Black. White. Alaska. Russia.

Black is not the opposite of white. Think about it. Think about how we learn things.Think about the developmental level you had attained when you first learned about the colors black and white.

Together again

You, like the rest of us, were told that they are opposites. When you moved into upper grades, you were given additional and more astute observations regarding black and white. One is a lack of color. One is all colors combined. That is what you were told. But you probably still saw them as opposites. Indulge me and list, mentally or otherwise, the traits of the color black and the color white. If you consider the two on the spectrum, you could probably name more about them that is the same than different. When you think about it, the opposite of  both white and black is probably green.

Looking at a map in a book, a child may think that the farthest thing from Russia is Alaska. One is all the way to the left of the page and the other is all the way to the right. We know that they are practically neighbors, don’t we? Some of us, if we’ve never been on long flights might think that the fastest way to China from Philadelphia is to travel East. Until we book that flight and see that we have a stop in California.

Why do I mention these small, obvious, and arguably silly things? Because we need to change the way that we think. We need to listen to what people say and take it all in. Remember it. Stew on it. Ruminate. Chew. And then examine how much of what we heard was colored by the experience of the speaker and by our own experience. Did we agree? Why? Was it because the speaker connected to us and their pacing, verbiage, paralanguage, and/or accent resonated with something within us? We have to separate, in our minds, liking someone and agreeing with someone.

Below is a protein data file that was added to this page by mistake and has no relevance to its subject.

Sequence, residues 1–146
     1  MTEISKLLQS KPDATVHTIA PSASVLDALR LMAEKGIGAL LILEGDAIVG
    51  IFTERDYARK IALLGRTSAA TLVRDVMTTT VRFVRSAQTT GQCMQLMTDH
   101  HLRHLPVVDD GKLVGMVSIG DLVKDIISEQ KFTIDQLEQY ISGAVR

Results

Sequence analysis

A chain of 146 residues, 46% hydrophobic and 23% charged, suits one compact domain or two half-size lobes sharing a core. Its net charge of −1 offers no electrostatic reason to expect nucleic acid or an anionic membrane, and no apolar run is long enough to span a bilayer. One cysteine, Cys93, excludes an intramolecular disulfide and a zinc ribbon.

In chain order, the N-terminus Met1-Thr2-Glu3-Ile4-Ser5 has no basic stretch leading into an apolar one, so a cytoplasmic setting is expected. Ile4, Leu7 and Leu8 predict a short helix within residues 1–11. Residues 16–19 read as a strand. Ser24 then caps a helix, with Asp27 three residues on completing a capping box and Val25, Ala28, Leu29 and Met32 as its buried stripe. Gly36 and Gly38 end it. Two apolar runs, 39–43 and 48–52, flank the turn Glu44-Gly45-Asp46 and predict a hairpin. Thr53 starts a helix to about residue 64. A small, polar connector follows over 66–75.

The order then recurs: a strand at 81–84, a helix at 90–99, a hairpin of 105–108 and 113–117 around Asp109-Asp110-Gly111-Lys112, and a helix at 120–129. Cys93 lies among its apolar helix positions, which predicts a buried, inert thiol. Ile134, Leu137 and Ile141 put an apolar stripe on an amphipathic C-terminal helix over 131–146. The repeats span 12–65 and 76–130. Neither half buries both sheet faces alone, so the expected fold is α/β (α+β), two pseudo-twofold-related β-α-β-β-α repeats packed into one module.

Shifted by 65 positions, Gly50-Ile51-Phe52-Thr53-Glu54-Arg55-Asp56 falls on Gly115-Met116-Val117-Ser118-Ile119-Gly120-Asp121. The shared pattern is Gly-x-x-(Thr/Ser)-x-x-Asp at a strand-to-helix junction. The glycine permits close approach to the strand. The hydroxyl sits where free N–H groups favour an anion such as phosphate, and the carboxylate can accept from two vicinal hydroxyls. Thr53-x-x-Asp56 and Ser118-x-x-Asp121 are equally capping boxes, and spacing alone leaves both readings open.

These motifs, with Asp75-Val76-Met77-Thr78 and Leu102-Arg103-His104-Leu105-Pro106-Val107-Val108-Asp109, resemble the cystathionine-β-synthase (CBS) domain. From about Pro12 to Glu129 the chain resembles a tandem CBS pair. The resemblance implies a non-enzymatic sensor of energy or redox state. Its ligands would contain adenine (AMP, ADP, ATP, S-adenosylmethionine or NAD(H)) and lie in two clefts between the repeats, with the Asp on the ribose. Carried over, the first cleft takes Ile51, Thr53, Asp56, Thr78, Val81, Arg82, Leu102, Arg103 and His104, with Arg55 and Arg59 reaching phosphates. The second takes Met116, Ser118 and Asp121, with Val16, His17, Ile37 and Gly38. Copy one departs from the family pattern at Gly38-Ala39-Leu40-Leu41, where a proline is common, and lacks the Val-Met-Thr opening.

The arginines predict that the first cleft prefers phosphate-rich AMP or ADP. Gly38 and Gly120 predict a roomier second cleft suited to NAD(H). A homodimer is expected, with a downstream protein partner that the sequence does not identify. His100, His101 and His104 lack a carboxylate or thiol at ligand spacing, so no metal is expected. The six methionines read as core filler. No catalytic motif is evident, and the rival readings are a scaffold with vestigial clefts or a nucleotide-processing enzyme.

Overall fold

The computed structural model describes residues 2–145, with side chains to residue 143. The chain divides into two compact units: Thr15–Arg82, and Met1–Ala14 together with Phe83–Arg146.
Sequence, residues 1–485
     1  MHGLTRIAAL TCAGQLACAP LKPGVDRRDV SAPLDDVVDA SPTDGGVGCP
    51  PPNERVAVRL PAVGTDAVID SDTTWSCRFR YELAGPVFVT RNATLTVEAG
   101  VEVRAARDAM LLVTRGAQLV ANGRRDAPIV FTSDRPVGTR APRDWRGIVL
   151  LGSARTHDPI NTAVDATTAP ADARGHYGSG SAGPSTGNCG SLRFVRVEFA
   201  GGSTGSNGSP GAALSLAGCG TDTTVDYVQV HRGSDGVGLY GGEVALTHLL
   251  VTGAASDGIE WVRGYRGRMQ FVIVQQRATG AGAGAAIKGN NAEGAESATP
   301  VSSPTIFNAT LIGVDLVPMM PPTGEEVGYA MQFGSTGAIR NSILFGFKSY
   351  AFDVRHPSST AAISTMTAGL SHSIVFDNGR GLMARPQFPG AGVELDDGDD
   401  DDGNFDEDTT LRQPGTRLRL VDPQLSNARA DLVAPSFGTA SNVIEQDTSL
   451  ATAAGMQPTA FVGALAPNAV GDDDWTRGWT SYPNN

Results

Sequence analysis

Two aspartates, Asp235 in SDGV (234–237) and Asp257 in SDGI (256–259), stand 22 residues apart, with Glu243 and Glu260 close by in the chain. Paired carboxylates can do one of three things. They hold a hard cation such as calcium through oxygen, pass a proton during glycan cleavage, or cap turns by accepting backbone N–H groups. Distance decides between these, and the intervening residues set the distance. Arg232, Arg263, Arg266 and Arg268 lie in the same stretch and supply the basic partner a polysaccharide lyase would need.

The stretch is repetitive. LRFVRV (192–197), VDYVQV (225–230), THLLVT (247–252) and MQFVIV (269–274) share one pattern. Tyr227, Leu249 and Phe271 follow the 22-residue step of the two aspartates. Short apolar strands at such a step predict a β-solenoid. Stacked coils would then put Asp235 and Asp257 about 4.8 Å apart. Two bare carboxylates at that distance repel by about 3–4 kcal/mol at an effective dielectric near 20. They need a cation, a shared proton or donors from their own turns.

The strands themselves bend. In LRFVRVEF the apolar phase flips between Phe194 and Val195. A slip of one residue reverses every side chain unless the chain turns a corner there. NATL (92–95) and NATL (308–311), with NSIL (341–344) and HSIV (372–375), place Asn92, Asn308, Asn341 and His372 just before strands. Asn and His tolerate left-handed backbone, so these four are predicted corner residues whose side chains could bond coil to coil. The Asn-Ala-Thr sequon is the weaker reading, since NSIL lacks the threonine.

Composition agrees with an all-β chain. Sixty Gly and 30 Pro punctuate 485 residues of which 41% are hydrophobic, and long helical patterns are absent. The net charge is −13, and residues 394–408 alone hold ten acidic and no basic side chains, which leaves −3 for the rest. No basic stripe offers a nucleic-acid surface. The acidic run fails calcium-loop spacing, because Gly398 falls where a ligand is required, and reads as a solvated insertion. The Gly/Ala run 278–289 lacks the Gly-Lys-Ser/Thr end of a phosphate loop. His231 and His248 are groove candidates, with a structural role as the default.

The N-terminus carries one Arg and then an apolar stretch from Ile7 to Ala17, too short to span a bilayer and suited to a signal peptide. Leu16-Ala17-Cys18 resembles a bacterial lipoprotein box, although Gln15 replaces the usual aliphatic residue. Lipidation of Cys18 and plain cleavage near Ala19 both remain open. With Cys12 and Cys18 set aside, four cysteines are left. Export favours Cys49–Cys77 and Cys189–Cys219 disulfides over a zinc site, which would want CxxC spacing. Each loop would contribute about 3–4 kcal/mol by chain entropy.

Speakers are compelling. That’s how they make their living. Journalists and authors earn their bones by connecting through the written word. As consumers of media, even when the media is a live discussion, we must be responsible. Even in our own classrooms, we have to be careful that we are responsible authorities and not lords of our domains: doling out information and judging resources unfairly.

We must also be mature. Why is a terrible question. It’s childish and uninformed. It’s loaded and judgmental. It’s a bratty query. You probably really want to know: May I…? Are we able to…? Have you considered…? Is there a reason…? What are some of the questions that we need to ask of our guides and our selves? Are they static questions that have become mantras? Are they dynamic? From where do they come? What are we missing?

Let’s all take some time to revisit the reasons that we do what we do. Reflect on the things that we hold dear, our personal myths and histories. Do these things serve as a foundation for our approaches or do the create blockades to our own development and the development of our students? What are our prejudices? How are they effecting us? Does the unchecked acceptance of a message place a glass ceiling on our own goals?

I look forward to your comments, criticisms, and confessions. Feel free to post anonymously. We need to purge, don’t we? I know I do.

Let’s challenge each other to change the way that we think.

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